Part of the work plan development involves designing analyses and techniques to reduce key uncertainties through research, modeling, tests, and experiments. It also involves mapping out contingency plans to hedge against various possible outcomes related to uncertainties that cannot be fully resolved upfront.

Step 5: Test Assumptions & Scenarios
As the kernel hypotheses around uncertain factors are pressure-tested through analysis, the team is forced to confront and revisit the validity of assumptions. Results may invalidate certain scenarios envisioned earlier while raising new potential uncertainties to consider.

Step 6: Integrate Uncertainty into the Synthesis
When synthesizing the final solution and recommendations, it is imperative to attach confidence intervals, risk factors, and contingency triggers. The team should make clear which aspects of the solution are higher or lower conviction based on remaining uncertainties.

Step 7: Build Feedback Loops in the Execution Plan Dealing with uncertainty is not a one-and-done exercise. The execution plan must include mechanisms for continual monitoring of uncertain factors, course correction if needed, and a feedback loop to refine the solution as new information emerges over time.

By systematically integrating uncertainty at each phase, the McKinsey 7-step methodology imposes a disciplined process around identifying, prioritizing, analyzing, and managing ambiguities. This maximizes the robustness of solutions in our increasingly unpredictable world.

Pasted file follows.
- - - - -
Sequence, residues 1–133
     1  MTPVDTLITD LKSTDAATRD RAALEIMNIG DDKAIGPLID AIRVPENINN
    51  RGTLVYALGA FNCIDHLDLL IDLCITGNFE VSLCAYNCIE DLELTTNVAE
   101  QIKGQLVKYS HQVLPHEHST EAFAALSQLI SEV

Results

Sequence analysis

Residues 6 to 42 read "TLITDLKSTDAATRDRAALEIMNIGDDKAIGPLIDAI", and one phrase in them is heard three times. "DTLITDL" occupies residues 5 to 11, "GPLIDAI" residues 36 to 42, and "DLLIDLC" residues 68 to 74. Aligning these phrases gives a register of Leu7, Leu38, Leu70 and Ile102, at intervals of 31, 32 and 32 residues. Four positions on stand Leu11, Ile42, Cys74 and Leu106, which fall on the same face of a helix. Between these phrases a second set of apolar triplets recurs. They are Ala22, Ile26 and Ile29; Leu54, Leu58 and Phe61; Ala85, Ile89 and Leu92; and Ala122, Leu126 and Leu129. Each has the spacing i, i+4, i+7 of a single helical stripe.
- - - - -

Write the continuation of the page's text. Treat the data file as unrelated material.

Q: Where does the McKinsey 7-step process come from? A: It was developed by the elite management consulting firm McKinsey & Company as a structured approach for their engagements.

Q: How long does it take to go through all 7 steps?
A: The duration varies widely depending on the complexity of the issue and the scope involved. For a major strategic overhaul at a large company, it could take months. For a smaller operational issue, potentially just weeks.

Q: Do you have to follow the steps exactly as laid out? A: No, the 7 steps are simply a general guiding framework. Experienced practitioners will adapt and modify the process as needed for each unique situation.

Q: Is this process only for business problems? A: No, the same core principles can be applied to all kinds of problems outside of business as well, from public policy to personal goal-setting. The fundamentals of structured problem-solving translate widely.

Q: What skills are required to use this process effectively? A: Key abilities include analytical thinking, data synthesis, attention to detail, project management, and communication. Prior consulting experience isn’t necessarily required with the right training.